Saturday, June 24, 2017
OKINAWA-HAWAII CLEAN ENERGY COOPERATION: 8thOEEDSW
8thOEEDSW, of course, stands for the title of the posting yesterday: 8th Ocean Energy and Economic Development Symposium and Workshop. Our first stop was Hale Iako, in a newly refurbished and expanded structure where the first day conference was held. Iako is the Hawaiian term for connector (middle portion) of a double-hulled canoe, like Hokulea, and is symbolic of the purpose of the Natural Energy Laboratory of Hawaii Authority, which is to connect people to technology to the ocean and so on. To the left, Yasu Ikegami, the current Japan professorial authority on ocean thermal energy conversion, and Kumejima Mayor Haruo Ota.
The tour continued with a look at the 105 kW Makai OTEC facility, here, Mike Eldredge with Reiko, translator:
This is not a leaning tower, just the angle of my shot. The Kumejima system produces 100 MW. Then on to the Kanaloa Octopus Farm:
They have yet to close the growth cycle, so commercialization is some years away. We dropped by the ESPEC mineral-enriched vegetable operations (we will later have their lettuce for lunch):
The Hawaii Natural Energy Institute has a hydrogen transport operation here, as explained by Aaron McCall:
We had to skip the abalone tour because we were late, and began the program with John De Fries from the Friends of NELHA who was superb as moderator:
Kumu Lily Dudoit provided the Hawaiian dedication and welcome:
Tom Goya, also from the Friends, and formerly with Hawaii Electric Light Company, commemorated Okinawa's Memorial Day, June 23.
Julie Yunker, Strategy Officer for the State of Hawaii, provided the state welcome:
Will Okabe, Managing Director, gave the Hawaii County welcome:
Mayor Haruo Ota did the same for Kumejima:
Tsutomu Miyahira did it for the central government of Japan:
Greg Barbour gave a NELHA update:
The OTEC commercialization roadmap was especially informative, for the current plans are now to build "only" a 100-300 kW operational OTEC power plant by 2021, effectively ceding the 1 MW to the Kumejima facility. Then NELHA will jump to an offshore (meaning on a floating platform) 5 MW OTEC facility around 2030. This is certainly a realistic projection in consideration of the partnership with Kumejima and the severe environmental constraints demanded by the Environmental Protection Agency.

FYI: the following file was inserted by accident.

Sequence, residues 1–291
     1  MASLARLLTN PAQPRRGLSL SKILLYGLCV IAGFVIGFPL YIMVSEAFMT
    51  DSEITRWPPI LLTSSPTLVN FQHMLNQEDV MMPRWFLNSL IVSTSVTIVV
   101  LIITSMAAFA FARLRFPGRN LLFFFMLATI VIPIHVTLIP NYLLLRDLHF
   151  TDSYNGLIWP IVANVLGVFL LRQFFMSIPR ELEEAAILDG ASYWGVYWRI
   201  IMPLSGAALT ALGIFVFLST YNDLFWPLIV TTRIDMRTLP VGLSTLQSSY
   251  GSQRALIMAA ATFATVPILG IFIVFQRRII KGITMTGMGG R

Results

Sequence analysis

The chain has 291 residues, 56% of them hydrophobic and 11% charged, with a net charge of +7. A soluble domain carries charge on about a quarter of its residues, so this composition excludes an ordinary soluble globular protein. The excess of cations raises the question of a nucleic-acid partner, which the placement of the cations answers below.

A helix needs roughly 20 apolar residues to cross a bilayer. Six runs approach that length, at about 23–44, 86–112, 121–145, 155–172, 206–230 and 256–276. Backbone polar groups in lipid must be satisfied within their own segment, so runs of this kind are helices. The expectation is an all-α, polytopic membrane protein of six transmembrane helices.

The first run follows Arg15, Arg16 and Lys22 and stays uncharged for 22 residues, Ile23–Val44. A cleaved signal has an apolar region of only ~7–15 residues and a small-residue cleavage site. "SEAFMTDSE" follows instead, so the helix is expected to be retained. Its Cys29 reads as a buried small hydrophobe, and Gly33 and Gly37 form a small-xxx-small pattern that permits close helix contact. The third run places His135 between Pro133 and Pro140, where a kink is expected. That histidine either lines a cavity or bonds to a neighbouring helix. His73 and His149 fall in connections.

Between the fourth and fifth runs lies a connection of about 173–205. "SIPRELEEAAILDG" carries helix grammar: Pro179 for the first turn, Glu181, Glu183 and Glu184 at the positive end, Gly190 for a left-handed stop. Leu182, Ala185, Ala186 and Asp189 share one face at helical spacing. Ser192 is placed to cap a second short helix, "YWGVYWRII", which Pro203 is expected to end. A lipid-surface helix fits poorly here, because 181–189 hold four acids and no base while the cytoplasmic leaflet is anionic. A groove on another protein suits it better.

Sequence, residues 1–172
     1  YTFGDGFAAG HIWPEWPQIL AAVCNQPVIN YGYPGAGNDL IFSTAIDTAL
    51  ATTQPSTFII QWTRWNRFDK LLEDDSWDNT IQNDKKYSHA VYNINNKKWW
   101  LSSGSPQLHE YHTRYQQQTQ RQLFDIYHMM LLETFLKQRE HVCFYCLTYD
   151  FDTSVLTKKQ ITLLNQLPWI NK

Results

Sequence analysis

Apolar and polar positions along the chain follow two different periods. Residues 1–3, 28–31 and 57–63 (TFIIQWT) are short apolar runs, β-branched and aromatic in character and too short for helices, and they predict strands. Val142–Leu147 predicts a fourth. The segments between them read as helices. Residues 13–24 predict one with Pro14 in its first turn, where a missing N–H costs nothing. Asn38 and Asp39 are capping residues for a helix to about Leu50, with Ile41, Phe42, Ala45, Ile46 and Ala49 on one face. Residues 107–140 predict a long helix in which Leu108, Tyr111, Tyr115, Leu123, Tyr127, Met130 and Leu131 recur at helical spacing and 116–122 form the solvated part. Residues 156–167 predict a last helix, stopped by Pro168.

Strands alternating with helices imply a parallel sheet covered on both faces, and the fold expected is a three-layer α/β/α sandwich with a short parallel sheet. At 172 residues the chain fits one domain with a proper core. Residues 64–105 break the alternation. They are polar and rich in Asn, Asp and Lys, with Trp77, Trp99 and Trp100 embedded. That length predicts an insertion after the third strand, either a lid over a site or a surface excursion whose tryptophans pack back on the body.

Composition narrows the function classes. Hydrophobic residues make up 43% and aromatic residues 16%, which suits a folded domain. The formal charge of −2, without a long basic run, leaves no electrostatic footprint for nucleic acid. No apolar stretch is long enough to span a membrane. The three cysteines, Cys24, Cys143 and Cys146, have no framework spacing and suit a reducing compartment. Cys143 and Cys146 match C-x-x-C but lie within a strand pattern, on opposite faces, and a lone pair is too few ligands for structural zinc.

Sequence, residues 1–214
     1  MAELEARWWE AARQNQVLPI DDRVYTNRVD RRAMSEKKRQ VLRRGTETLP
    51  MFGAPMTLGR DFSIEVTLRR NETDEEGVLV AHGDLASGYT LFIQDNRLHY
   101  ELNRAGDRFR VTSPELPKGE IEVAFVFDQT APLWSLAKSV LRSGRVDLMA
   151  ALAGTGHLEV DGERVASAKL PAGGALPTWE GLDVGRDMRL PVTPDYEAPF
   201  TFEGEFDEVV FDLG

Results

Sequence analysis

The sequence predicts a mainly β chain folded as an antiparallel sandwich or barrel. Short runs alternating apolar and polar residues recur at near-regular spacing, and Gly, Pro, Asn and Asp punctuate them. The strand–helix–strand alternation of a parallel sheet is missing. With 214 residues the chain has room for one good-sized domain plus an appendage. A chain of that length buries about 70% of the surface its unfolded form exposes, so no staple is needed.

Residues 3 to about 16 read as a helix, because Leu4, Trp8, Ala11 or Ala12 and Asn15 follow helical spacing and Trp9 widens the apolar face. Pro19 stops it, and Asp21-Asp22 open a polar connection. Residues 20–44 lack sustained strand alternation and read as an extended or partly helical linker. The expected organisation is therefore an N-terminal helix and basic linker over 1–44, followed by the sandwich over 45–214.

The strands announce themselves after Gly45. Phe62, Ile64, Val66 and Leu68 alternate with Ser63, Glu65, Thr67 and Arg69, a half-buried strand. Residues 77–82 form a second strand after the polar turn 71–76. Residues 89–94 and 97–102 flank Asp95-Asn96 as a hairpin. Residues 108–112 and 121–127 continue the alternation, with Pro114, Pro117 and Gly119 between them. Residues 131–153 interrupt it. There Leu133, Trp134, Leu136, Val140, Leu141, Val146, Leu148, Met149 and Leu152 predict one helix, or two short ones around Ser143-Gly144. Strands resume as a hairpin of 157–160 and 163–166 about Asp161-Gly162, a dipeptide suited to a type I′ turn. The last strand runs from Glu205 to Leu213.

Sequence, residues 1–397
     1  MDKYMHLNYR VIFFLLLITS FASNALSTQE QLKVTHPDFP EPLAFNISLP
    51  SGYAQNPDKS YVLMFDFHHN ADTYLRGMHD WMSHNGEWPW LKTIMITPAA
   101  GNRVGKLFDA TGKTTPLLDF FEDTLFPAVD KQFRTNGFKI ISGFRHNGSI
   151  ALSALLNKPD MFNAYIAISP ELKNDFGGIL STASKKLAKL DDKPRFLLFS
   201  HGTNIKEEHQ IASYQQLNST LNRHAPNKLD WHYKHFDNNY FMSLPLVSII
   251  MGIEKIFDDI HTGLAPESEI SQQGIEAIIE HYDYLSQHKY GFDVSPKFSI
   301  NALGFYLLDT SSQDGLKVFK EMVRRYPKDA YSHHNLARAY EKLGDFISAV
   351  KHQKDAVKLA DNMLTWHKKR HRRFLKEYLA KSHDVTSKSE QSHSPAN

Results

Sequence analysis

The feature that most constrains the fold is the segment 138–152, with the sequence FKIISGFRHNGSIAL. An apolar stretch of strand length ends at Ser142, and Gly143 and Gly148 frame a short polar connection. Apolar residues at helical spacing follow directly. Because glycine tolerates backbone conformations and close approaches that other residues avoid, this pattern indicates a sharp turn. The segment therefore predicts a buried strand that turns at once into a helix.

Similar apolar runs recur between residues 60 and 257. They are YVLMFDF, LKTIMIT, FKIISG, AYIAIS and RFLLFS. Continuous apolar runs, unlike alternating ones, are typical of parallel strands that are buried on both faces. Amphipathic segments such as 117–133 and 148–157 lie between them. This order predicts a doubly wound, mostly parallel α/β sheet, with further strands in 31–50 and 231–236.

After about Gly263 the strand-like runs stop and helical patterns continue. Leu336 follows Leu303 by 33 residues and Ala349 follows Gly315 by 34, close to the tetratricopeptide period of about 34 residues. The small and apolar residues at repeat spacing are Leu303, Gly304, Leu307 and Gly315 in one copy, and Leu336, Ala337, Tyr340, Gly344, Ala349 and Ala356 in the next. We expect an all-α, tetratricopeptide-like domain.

Lunch was free and incredible:
Kona Kampachi with Spirulina Misoyaki, Kona Cold Lobster Loui Salad, Big Island Abalone Sashimi, that special high mineral lettuce and rice. If only they had served glasses of Chardonnay, that would have been perfect.
In the afternoon Robert Baughman, Executive Vice President for Technology Development and Innovation with the Okinawa Institute of Science and Technology, talked about his truly innovative institution:
He has effectively been with OIST since the beginning in 2005. Only a 5-year PhD program, originally, the objective was to produce Nobel Laureates in science. I've posted on this effort several times. Here is one. My sense, talking to Baughman and those involved with that school, gives me an impression that the goals are shifting. Sure, of course, produce future Nobel prize winners, but also attempt to link with the needs of Okinawa and real world applications. Even though the T stands for technology, unfortunately, the current staff is so fundamentally scientific, that there is a lack of individuals with the necessary vision and capability to capably make this shift. Further, in energy, they're into bioethanol and wave power, two declining fields. But they have yet to attain maximum staffing, so future hires should be able to bridge that gap.
The next speaker was a revelation. Stephen Walls, policy advisor to Strategic Programs in the Office of Energy Efficiency and Renewable Energy of the U.S. Department of Energy.
With Donald Trump now as president, I wonder if it was safe for him to say positive things about islands and energy self-sufficiency. Maybe the current staff in the USDOE will maintain a James Comey-like adherence to what is right and necessary. President Trump can't fire all 2.8 million working for the Federal government. This does not include those in military uniform.
Note that the Big Island is already at 54% self-sufficiency. I later discussed with her what those percentages meant. She said all those numbers you see, like 100% renewables by 2045, only apply to electricity. So I asked her, if Hawaii reaches that 100% goal, what would really be the percentage for all the energy we use. She and Steve Wall surmised, maybe 33%, for 67% goes towards transportation, and aviation uses more than ground transport. Read my Huffington Post article on The Future of Sustainable Aviation, and you can only get depressed about future prospects.
Wil Roston, Energy Coordinator for the County of Hawaii reviewed their statistics and efforts:
Osamu Ashimine, from the Okinawa government talked about their energy strategy:
Our final speaker was Jay Ignacio, president of Hawaii Electric Light Company, on their strategy:
I was curious as to why, way into the future, I forgot the date, HELCO plans to double solar energy use, while keeping wind energy constant, when the price of the latter is half the former. So I went to talk to him. His response was that this is what the people want. More in jest, I said, is that smart?
For a little more than an hour the participants split into two groups to talk about Deep Seawater Industries and Environment Considerations, led by Jan War, chief operations officer of NELHA, and Keith Olson, Chief Science Officer of the Hawaii Ocean Science and Technology Park.
There will be two more of these discussion groups, and at the end of the day tomorrow I will moderate the summary presentations of all four.